Bernadette Mayer.

I know virtually nothing about her and neither does Wikipedia.  I’ve read only a small bit of her work.  I know she’s a poet and that people tend to locate her within the New York School and, more recently, among the Language Poets.  I get the sense that she’s a fringe figure.  She is not H.D. or Elizabeth Bishop or Gertrude Stein.

Details of her life are difficult to come by, most likely because it isn’t over yet.  She lives somewhere in New York, I think.

I love this picture of her as a young woman; I don’t know why.  She looks slightly unhinged.



More importantly (at least for my purposes), Mayer also composed a widely available and seriously creative list of journal ideas and writing experiments, which you can see here.  The list is an open secret, and despite an embarrassment of books, websites, and writers in general itching to advise others on the best way to get a cursor moving, this list is the best collection of writing prompts I have ever seen.

“Everyday Machinery” comes from one of Mayer’s prompts.  I keep saying it to myself in my head.  And looking around.  And saying it in my head again.  I can’t get over it.  It’s a mantra.

In my return to writing after a long hiatus, I discovered that, of all the things that had atrophied, my willingness to let myself experiment was the only thing that didn’t come bounding back.  If my ear, my voice, my vocabulary, and my technical skills startled awake and lept to their feet ready for a fight (drunken master, maybe, but ready to fight nonetheless), my sense of creative possibility was hung over–pulling the shades against the birds, hurling invectives and nightstand junk at me as I shouted from the doorway to GET. THE. FUCK. UP.

So I did the only thing I could think to do.  I dug out Bernadette’s list.

I have trouble sorting out what’s so appealing about it.  I have had more than a few writing how-to books–though many had the obnoxious habit of considering themselves writing companions.  (I‘m not your buddy, Guy!)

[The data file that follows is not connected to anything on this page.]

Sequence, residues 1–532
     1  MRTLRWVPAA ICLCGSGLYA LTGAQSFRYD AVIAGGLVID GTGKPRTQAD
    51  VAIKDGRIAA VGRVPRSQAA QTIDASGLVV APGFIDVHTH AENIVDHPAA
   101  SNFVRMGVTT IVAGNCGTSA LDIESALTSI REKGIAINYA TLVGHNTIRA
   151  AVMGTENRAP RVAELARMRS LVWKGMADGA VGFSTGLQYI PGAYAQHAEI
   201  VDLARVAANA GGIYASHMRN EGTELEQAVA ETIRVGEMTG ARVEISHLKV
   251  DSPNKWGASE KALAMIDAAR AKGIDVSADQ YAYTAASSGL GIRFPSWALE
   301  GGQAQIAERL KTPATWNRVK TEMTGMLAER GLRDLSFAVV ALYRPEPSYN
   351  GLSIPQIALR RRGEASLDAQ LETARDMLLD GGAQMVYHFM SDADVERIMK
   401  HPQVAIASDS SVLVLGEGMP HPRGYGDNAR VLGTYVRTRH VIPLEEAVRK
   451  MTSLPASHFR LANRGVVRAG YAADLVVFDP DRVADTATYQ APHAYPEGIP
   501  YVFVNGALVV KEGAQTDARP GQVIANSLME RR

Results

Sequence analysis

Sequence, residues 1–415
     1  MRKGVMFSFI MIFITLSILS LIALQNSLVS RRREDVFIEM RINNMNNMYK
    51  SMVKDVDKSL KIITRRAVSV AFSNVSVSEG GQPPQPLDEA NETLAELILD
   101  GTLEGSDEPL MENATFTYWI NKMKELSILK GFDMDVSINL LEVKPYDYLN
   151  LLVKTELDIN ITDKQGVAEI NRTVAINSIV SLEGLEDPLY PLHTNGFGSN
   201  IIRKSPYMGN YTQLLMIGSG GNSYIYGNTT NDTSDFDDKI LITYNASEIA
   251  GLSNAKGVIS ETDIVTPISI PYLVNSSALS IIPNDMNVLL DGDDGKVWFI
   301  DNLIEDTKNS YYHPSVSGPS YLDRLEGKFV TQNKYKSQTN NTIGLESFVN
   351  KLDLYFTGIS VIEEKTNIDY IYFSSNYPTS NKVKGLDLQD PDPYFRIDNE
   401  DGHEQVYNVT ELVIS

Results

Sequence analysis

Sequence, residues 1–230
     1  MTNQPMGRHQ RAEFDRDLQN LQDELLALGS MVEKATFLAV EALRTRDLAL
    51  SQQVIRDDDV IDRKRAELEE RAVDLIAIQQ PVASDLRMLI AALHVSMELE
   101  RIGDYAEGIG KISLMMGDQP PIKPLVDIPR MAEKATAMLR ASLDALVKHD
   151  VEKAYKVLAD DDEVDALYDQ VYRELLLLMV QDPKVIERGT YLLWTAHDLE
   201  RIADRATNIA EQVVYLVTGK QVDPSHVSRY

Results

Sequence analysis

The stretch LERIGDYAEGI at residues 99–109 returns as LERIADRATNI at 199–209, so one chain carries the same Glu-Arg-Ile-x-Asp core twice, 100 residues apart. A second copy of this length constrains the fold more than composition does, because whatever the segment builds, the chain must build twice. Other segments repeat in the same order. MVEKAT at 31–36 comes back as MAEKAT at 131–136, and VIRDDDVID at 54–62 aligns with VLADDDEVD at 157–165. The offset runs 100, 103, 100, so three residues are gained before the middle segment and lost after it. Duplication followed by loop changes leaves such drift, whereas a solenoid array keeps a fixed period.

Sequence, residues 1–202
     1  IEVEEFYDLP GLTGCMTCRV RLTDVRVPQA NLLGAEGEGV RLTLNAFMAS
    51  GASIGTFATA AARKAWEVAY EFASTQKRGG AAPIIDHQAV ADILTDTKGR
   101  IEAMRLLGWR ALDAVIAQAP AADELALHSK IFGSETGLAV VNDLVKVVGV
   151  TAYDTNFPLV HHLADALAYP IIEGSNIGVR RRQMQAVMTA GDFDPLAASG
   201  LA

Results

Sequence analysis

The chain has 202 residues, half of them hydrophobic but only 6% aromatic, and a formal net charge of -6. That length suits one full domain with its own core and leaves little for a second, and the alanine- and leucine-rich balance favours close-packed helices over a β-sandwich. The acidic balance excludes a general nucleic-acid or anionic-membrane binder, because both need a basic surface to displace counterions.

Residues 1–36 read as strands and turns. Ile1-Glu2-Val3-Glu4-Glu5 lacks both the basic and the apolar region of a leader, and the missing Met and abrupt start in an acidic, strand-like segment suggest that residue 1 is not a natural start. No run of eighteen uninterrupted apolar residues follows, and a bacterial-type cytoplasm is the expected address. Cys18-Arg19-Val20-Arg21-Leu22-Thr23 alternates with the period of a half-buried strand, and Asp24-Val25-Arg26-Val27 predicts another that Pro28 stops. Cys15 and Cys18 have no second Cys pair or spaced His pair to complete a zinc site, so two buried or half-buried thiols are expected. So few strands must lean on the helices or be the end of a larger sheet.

All of these books had sections devoted to writing prompts.

When it came to those books, I was the writerly equivalent of a kid in summer, turning to my mother for ideas about what to do.

We all know, or should know, to never, EVER ask Mom what to do.  Because Mom will not say, “Why don’t you go bounce a baseball off the aluminum siding?  Why don’t you go jump out of the tree so you can break your leg, go to the hospital, and get presents?  Why don’t you steal some matches when I’m not looking and go light things on fire in the woods?”

Mom will never say anything cool.  Mom will always say you could go clean your room or brush the dog.

Which, theoretically, you could or even should do, and it would be something, but Mom never seems to understand that those things are boring, too.

It’s not just about doing something, it’s about doing something fun.


So it is with a solid majority of writers’ handbooks and companions.  They’re boring, matronly cohorts who just want to sit around and do repulsively dull things all day:

“I know you need to get out of the house, how about we go out to eat?!?! Bakers Square!!”

“I could use some help sorting my pantry!”

“Write a description of the room you’re in!”


I can’t tell you, specifically, what some of the most revolting prompts in the books were because, in a fit, I got rid of most the books.  I found them practically useless, uninspiring, not very challenging, and generally depressing.  I donated one to my English department’s undergraduate literary journal for use in helping them conduct poetry workshops…which, in hindsight, was probably an act of hostility, if not sabotage.



Sometimes the problem was the overbearing detail with which prompts were presented:

“In this chapter, we will work on _______.  Here are some prompts focusing on _______.  Write with ______ in mind.”


In other cases, the prompt was simply nothing a person wouldn’t think to do on his/her own and obvious enough to be of no help to anyone.  The ubiquitous “dream journal” prompt is a good example.


Perhaps it’s best not to focus on the faults of the writing companion industry.  Maybe it’s better to try to suss out what is compelling about Mayer’s list.